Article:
Appetizers

Dishing the news about the Sacramento area food scene

Mangia restaurant closes its doors

03/12/2014 10:18 AM

03/12/2014 10:20 AM

Mangia restaurant at 1800 Capitol Ave. in Midtown has gone dark, announcing its closure Tuesday evening on its Facebook page.

The “gourmet sandwich shop” was part of the Italian-themed restaurant group co-owned by Dave Virga and Mark Scribner, which includes three Paesanos, one Pronto and two Uncle Vito’s Slice of New York.

According to a post on restaurant’s Facebook page, the former Mangia space will be devoted to accommodating special-occasion groups as part of a new banquet program.

“Thank you for your support over the past 18 months,” the post reads in part. “Due to the large volume of requests for large party dining at Paesanos Midtown that we cannot currently accommodate, we have begun the conversion of Mangia into a banquet space for large groups looking for a Paesanos dining experience. Our banquet menu will soon be available at www.paesanos.biz. Look for some of your favorite Mangia sandwiches to make an appearance on the menu at Paesanos and Pronto.”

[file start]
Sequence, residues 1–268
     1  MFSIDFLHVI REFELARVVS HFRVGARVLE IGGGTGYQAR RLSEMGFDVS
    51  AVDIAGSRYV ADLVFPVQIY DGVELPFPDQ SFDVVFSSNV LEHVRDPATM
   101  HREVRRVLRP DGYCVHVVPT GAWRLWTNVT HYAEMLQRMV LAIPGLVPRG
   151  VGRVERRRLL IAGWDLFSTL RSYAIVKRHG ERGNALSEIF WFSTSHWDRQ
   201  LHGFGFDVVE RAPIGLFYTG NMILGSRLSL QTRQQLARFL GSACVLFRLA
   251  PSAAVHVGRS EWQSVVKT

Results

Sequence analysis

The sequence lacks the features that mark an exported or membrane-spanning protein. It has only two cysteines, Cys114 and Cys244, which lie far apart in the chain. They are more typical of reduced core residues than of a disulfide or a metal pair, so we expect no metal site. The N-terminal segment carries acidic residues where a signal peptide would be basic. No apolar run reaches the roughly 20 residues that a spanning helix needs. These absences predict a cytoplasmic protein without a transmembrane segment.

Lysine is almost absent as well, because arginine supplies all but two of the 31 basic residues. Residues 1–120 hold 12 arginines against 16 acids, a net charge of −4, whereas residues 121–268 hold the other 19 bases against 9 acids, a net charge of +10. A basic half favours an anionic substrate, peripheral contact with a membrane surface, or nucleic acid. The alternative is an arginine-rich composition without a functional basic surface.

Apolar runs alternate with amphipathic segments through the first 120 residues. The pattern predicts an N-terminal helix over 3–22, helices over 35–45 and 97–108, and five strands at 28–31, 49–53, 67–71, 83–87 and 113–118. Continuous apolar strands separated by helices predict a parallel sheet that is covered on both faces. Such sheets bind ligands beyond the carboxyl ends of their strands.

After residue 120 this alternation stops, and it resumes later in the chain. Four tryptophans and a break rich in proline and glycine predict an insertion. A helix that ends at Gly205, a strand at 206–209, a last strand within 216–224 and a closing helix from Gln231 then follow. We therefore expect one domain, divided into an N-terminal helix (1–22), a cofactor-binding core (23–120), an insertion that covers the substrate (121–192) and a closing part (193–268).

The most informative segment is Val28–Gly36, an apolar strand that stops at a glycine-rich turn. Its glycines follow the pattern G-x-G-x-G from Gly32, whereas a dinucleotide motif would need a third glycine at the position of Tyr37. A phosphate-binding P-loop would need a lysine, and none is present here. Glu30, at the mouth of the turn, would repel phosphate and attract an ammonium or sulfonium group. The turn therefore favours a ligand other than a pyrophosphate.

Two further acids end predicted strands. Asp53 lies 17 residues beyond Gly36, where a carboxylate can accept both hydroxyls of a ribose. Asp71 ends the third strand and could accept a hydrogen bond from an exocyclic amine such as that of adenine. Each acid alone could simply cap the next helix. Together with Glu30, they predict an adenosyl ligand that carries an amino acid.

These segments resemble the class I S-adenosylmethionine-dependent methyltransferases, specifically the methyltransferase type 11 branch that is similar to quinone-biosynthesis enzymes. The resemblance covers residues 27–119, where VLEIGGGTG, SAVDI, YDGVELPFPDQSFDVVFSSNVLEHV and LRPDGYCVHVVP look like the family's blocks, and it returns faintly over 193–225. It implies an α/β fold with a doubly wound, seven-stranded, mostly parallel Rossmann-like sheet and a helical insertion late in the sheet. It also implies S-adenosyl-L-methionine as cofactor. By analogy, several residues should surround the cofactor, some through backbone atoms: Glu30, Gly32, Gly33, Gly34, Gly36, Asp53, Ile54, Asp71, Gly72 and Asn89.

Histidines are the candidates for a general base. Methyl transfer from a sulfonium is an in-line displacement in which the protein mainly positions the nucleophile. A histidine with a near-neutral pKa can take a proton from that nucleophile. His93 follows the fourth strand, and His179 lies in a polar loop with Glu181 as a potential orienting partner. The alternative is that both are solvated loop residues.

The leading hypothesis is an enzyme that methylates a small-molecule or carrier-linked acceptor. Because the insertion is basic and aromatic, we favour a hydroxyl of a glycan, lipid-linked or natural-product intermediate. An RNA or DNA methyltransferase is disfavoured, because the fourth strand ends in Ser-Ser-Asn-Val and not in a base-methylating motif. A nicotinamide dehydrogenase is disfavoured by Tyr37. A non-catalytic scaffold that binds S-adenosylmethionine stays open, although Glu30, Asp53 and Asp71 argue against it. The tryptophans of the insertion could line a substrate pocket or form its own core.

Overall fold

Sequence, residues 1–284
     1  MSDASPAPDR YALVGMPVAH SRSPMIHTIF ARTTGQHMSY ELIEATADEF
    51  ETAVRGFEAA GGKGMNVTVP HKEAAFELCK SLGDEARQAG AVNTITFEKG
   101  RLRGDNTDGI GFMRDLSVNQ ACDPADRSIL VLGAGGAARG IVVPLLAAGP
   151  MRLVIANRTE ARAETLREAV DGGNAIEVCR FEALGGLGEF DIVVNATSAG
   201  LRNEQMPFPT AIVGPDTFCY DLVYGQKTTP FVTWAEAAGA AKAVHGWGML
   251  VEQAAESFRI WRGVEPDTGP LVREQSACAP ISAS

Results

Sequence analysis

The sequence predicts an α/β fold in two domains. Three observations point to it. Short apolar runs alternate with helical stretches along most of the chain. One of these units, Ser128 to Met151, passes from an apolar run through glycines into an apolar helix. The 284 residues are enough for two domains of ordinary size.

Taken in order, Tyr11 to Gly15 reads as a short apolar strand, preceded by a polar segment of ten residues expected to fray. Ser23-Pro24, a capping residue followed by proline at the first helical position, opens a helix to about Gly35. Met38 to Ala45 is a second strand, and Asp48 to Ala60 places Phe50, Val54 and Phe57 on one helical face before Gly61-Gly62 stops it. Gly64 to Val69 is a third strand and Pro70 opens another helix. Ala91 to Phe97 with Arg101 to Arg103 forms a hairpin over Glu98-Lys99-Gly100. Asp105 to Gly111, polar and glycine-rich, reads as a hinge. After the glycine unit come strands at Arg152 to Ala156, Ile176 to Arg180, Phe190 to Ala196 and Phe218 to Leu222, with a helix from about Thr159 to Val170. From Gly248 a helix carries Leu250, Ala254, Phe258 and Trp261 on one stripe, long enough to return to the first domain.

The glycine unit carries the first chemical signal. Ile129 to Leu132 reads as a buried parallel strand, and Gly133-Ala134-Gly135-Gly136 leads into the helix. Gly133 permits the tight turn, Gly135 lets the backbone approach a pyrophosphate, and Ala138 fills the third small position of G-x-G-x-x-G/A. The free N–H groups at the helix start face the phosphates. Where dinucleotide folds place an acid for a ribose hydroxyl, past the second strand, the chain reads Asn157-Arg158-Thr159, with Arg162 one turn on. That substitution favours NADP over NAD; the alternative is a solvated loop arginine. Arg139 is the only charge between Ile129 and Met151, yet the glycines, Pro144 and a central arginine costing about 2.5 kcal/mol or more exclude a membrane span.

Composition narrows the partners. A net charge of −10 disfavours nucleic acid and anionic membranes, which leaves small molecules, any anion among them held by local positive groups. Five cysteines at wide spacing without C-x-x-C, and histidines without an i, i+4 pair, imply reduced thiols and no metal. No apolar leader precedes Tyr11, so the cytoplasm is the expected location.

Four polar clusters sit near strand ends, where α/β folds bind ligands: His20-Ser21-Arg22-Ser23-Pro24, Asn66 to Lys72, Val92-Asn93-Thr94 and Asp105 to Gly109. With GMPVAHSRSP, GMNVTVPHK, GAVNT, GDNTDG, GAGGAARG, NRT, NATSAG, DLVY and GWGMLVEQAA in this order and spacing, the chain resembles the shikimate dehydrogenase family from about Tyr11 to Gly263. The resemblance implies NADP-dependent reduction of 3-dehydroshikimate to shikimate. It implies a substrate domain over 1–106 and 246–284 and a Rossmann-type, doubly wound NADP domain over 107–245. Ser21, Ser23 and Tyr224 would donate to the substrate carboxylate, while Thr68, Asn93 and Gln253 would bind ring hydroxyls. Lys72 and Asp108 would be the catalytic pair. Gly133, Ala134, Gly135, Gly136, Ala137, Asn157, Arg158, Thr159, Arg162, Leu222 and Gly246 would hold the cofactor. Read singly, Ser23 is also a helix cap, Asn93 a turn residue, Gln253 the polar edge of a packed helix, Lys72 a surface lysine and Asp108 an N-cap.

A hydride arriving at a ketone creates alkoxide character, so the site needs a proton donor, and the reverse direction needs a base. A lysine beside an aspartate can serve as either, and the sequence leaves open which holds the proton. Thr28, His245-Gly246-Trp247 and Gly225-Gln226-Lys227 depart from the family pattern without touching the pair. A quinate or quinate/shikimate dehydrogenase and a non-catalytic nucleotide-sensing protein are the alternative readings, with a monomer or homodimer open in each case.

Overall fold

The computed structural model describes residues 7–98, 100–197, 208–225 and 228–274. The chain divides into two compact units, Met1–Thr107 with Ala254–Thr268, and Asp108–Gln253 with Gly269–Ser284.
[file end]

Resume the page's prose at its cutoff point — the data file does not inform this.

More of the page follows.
A call to Paesanos director of operations Dana Scarpulla has yet to be returned. However, Scarpulla was quoted my Feb. 28 “Counter Culture” review of the restaurant: “We get requests on a weekly basis (to accommodate) special-occasion groups of 30 or more at Paesanos (which is next door to Mangia). So we’re putting together a banquet program to serve groups larger than we’re able to serve at Paesanos. It will fuse some of what Mangia does and some of what Paesanos does. But (during the day) Mangia will stay Mangia.”

In hindsight, the restaurant’s closure doesn’t seem that surprising.

On our visits, Mangia felt uneven and lacking focus. For one thing, the space was uncomfortably cold. For another, though it was beer-centric (a dozen on tap, up to 30 in bottles), it moved up its closing time to 6 p.m. in February, effectively preventing customers from stopping by for a couple of brews after work.

The sandwiches were imaginative and priced under $10, but the ones we sampled were just OK. The best of the bunch was heavy with house-cured pastrami; the weakest was a daily-special chicken shawarma, a mess served on stale pita bread.

Though Paesanos is an icon on the Capitol Avenue restaurant corridor, we thought the success of a sandwich shop might be iffy, given the competition it faced from Waterboy, Jack’s Urban Eats, Zocalo and the new Plan B outpost, to name a few. Still, there’s no doubt it will be missed. After all, a restaurant closure is never a good thing.

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